Carbon Nanotubes and Its Devices and Applications

Carbon Nanotubes and Its Devices and Applications

Carbon Nanotubes and Its Devices and Applications By: Joseph Borchardt Date: 4/15/2016 Outline What are carbon nanotubes? Differences between SWNTs and MWNTs How are they created? CNTFETs CNT Solar Cell application What are carbon nanotubes? Carbon Nanotubes (CNTs): Large molecules of pure carbon that are long and thin cylinders,

about 1-3nm in diameter, and 100s 1000s of nanometers long. Structures: Single-walled Multi-walled Mechanical Properties Electrical Properties

Structure: Single-walled (SWNTs) Description/Properties: A single atom layer of graphite wrapped into a seemless cylindrical shape Diameter ~1nm Band gap: 0eV - 2eV Conductivity has metallic or semiconductor behavior Great candidate for Nano electronics Popular electrical applications are wire, CNTFETs

Armchair (n, n) structure Zigzag (n, 0) structure Structure: Multi-walled (MWNTs) Description/Properties: Consist of multiple rolled layers (concentric tubes) of graphene (Russian Doll Model), or a single sheet of graphene rolled around itself (Parchment Model) Distance between layers ~3.4 Angstroms Usually a zero-gap metal

Unique mechanical Properties Good for Nano mechanical devices Triple-walled armchair CNT Electrical Properties Conductance: metallic, semiconducting with very small band gap, or moderate semiconductor based on structure type. Electrical Transport: Metallic nanotubes can carry an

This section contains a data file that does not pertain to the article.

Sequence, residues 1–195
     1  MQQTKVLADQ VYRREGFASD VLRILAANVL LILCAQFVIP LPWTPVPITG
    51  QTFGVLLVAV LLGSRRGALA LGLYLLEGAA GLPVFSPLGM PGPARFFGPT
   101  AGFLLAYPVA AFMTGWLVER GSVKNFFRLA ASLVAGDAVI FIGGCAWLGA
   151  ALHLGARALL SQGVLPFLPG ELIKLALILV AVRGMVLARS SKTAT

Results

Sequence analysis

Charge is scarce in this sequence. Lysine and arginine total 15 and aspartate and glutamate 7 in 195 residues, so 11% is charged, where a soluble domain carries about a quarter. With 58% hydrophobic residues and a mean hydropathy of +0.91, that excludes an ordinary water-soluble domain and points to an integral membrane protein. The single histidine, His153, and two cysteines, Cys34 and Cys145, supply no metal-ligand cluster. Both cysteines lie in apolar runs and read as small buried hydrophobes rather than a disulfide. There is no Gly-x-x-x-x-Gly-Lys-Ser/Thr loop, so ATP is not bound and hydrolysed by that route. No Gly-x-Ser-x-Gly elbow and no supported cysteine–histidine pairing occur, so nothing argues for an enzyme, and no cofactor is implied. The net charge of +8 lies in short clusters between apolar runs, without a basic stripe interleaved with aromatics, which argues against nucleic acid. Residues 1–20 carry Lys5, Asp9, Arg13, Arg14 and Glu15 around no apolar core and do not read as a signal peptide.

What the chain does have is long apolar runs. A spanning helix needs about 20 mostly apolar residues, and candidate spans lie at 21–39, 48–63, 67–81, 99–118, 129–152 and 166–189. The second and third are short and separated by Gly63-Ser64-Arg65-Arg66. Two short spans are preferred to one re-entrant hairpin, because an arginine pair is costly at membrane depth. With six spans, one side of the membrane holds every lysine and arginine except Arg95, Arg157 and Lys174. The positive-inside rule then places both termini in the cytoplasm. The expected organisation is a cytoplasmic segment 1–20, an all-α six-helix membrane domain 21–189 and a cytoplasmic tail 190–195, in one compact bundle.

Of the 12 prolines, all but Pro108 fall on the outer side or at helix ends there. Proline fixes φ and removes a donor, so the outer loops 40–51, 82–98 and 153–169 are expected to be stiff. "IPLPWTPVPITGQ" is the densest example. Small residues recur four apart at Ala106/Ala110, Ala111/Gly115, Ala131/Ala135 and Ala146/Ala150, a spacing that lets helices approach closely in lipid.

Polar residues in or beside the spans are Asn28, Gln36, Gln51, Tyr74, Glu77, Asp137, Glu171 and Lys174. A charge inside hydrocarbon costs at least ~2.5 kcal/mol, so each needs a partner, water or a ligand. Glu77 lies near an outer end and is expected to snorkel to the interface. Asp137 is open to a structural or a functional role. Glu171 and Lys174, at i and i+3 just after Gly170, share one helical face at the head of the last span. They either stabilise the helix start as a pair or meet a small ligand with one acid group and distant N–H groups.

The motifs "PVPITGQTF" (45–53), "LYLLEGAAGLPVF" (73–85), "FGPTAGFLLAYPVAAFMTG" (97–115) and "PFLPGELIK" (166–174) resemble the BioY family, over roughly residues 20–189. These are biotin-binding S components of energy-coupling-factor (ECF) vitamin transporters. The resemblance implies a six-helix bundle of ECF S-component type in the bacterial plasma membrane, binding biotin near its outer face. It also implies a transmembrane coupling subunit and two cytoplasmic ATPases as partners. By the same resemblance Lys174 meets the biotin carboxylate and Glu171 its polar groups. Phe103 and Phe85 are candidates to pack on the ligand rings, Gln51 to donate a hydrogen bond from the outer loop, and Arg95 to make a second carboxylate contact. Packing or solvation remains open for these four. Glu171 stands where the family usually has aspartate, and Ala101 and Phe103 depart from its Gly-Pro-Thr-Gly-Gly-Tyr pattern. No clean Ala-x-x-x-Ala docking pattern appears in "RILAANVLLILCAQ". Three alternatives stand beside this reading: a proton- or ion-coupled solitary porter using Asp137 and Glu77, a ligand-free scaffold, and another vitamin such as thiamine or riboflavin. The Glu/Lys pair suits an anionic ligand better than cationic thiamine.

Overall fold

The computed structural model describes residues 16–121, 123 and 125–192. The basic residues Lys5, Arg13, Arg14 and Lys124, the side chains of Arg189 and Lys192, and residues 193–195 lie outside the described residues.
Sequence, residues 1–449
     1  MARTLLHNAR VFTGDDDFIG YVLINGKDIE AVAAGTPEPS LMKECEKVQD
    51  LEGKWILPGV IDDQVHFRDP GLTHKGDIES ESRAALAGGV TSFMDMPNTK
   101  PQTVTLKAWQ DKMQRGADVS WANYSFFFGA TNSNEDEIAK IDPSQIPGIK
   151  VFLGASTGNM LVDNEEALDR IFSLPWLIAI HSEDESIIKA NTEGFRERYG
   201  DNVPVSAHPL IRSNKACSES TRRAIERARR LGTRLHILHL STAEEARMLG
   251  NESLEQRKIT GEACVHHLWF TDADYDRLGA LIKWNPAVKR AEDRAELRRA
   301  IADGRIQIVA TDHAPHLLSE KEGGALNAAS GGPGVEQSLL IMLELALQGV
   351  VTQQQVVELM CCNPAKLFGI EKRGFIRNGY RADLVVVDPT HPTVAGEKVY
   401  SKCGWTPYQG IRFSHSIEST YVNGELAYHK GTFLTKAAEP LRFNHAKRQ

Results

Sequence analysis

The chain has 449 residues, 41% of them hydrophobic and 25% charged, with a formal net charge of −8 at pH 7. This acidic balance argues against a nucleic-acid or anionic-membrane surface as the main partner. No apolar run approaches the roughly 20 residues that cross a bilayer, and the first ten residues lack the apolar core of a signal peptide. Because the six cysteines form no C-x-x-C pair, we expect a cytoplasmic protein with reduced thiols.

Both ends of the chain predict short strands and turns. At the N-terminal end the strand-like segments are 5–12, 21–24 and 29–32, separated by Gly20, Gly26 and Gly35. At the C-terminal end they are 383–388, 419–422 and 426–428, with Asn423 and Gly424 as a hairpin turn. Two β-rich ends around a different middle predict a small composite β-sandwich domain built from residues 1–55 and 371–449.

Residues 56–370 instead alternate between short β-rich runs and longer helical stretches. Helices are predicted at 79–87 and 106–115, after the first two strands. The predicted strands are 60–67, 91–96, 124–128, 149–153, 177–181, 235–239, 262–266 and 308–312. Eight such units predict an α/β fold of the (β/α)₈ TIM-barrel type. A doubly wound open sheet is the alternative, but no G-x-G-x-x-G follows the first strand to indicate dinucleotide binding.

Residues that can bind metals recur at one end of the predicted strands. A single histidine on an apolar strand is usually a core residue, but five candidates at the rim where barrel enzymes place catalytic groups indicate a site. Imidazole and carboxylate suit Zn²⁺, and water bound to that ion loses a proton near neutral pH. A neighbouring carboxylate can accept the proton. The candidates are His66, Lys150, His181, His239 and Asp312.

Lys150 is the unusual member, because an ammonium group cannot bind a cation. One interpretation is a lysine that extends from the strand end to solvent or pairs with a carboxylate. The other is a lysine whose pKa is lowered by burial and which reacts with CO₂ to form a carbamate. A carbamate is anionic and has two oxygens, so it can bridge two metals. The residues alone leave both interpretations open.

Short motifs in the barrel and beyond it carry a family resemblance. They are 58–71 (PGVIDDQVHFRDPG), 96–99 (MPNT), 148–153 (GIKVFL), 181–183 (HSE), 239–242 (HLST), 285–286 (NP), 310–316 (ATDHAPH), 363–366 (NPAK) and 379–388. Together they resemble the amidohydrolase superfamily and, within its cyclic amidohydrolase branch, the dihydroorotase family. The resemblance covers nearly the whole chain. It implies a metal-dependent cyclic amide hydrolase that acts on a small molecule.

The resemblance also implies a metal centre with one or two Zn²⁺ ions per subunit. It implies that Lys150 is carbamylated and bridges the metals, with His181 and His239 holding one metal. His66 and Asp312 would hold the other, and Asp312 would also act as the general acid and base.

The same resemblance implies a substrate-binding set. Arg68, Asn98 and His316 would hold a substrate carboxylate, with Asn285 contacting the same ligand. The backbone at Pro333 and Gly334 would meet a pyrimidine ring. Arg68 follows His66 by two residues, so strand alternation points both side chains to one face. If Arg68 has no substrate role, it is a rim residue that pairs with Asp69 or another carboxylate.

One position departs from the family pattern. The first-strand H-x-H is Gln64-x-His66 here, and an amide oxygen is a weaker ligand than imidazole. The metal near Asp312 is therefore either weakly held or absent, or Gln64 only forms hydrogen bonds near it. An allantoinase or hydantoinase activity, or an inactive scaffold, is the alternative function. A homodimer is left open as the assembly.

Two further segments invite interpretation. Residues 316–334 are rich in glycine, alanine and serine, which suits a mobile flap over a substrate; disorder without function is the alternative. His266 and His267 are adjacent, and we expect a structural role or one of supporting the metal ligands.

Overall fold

electric current density of 4 109 A/cm2 Doping Characteristics: Fermi levels Raman spectroscopy Defects Mechanical Properties Tensile Strength: MWNTs ~63 GPa Individual CNT shells ~100GPa Strongest/Stiffest material discovered

Specific Strength: Density ~1.3 1.4 g/cm^3 Best of known materials at 48,000 kN*m*kg^-1 Hardness: 25 GPa without plastic deformation with max (and deformation) around 55 GPa Has a bulk modulus at 462 546 GPa (diamond = 420 GPa) How are they made? Chemical Vapor Deposition: Technique that is achieved by taking a carbon source in a

gas phase and using an energy source, such as plasma or a resistively heated coil, to transfer energy to a gaseous carbon molecule. Hydrocarbons then flow through a quartz tube at high temp to break the HC bonds to produce pure Carbon. Arc Discharge: First used by Sumio Lijima in 1991. Uses two graphite rods, one anode and one cathode, placed in an inert gas encased by a low pressure container. The rods act like electrodes kept at different potentials and about 1mm apart (when arc appears). Most nanotubes deposit on cathode. Chemical Vapor Deposition

Properties: Most widely used Creates SWNTs and MWNTs Process lasts ~ 30 minutes Requires low power input Low temperature range compared to other methods (~700 Degrees Celsius) Relatively high purity (91.17%) Scalable process for potential commercial usage Arc Discharge Properties: Creates SWNTs and MWNTs

Process last ~ 1 minute Few structural defects due to creation in high temperatures CNT lengths up to 50 micrometers 30% yield by weight Not used frequently because it requires temperatures around 1700 Degrees Celsius CNTFETs Carbon Nanotube Field Effect Transistor: